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Dudley, Léonard

Honorary Professor



Dudley, Léonard


Leonard Dudley, born in Vancouver in 1943, studied political science and economics as an undergraduate at the University of Toronto. He then took his PhD in Economics at Yale University, where he completed a thesis on learning by doing, under Richard R. Nelson in 1970. Since then, at the Université de Montréal, his main research interest has been technological change. His 1991 book, The Word and the Sword, studied the impact of innovation in information and military technology on the evolution of the state. More recently, in a series of articles, he has examined the theory and empirical evidence of the effects of information technology on economic growth, on political institutions and on international trade.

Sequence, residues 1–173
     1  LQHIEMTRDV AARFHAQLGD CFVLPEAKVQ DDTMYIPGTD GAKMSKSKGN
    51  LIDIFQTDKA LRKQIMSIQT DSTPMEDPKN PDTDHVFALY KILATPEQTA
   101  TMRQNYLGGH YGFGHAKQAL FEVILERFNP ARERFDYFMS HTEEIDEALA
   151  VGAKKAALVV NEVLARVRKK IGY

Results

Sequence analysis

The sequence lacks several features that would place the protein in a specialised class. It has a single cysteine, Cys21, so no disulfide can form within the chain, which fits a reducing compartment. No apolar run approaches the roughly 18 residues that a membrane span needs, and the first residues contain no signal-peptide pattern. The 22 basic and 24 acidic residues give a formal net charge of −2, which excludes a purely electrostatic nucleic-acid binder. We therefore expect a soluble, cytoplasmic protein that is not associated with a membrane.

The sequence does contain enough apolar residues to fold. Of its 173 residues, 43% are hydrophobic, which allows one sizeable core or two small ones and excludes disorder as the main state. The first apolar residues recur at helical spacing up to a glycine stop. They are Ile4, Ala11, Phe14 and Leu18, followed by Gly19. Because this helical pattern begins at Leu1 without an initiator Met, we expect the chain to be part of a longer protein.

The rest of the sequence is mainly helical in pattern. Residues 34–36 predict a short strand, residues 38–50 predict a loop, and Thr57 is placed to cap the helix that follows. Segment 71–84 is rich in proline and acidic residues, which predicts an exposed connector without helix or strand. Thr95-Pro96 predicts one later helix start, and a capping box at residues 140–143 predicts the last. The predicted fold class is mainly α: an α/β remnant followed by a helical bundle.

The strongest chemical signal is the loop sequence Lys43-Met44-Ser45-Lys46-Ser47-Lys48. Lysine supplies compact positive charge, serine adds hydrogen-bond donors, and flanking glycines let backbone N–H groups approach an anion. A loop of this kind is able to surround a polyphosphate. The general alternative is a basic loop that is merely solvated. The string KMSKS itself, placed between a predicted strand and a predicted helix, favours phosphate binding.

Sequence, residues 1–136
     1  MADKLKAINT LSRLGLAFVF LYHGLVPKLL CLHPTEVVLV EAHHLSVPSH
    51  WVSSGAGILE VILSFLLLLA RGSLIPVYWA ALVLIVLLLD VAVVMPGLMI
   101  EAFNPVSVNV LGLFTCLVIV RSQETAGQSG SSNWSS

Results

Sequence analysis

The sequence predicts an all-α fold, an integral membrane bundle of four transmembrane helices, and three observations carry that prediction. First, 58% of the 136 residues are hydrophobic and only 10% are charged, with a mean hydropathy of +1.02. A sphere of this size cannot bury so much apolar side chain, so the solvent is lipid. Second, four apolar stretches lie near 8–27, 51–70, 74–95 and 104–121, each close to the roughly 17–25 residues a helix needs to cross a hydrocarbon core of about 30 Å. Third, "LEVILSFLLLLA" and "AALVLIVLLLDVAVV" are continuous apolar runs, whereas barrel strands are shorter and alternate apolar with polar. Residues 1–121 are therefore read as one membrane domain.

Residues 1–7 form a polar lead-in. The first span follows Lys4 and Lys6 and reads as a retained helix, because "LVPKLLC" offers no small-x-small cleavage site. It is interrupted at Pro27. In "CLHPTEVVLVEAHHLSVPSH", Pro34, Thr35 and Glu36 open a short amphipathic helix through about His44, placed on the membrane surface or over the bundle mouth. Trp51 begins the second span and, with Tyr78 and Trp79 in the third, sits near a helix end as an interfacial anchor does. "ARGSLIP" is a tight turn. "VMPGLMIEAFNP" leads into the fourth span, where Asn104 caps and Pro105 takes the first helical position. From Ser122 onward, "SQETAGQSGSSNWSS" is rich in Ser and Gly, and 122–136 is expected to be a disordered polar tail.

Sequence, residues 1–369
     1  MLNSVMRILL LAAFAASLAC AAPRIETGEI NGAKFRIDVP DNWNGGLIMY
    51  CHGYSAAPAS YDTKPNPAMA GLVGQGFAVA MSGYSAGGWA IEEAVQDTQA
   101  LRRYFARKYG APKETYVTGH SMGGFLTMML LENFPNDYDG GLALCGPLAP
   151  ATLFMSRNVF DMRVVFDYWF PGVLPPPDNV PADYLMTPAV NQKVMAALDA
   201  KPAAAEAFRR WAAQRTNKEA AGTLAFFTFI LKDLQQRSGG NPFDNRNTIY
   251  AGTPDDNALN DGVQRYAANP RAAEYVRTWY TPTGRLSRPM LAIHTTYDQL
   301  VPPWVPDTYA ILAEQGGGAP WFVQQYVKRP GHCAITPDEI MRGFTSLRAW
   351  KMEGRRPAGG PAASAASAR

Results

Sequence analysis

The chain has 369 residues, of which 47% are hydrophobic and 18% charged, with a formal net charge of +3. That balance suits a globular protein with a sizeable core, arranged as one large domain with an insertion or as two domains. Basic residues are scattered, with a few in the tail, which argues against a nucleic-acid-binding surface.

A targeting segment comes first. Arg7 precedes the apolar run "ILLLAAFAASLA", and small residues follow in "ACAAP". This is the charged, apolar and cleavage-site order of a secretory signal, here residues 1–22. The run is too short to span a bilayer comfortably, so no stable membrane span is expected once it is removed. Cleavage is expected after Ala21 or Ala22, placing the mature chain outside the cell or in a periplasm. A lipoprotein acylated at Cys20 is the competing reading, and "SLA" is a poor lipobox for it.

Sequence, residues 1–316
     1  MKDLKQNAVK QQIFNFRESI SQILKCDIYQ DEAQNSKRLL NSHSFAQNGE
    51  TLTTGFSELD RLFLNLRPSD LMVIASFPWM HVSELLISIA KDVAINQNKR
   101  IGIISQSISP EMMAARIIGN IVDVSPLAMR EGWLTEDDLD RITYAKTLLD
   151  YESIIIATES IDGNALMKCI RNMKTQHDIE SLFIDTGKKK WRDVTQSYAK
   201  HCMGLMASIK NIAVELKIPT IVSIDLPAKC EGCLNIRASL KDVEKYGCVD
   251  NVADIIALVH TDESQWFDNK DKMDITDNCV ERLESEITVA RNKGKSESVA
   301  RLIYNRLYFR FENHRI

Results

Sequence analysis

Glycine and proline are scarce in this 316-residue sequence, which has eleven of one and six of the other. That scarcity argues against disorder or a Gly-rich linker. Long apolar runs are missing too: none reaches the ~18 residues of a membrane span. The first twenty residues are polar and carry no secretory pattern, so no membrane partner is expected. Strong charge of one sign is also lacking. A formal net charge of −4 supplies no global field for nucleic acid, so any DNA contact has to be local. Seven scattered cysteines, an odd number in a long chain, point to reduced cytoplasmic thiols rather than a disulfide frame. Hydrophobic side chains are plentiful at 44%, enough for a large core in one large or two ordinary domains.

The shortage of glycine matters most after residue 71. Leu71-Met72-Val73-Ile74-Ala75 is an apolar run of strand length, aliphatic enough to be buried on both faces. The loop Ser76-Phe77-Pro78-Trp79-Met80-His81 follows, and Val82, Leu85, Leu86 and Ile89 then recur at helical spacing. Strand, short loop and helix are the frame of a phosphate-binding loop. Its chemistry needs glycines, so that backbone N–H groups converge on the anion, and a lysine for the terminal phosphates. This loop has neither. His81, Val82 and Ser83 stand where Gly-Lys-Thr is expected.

•  "Religion, Politics and Luck: Explaining the Rise of Sustained Innovation", Homo Oeconomicus, 25:1 (2008), 55-90.
  •  "The Great Realignment: How Factor-Biased Innovation Reshaped Comparative Advantage in the US and Japan, 1970-1992″, Japan and the World Economy, 19 (2007), 112-132, with Johannes Moenius.
  •  "Arms and the Man: World War I and the Rise of the Welfare State", Kyklos, 57:4 (2004), 475-504, with Ulrich Witt.

Courses given in the Department this term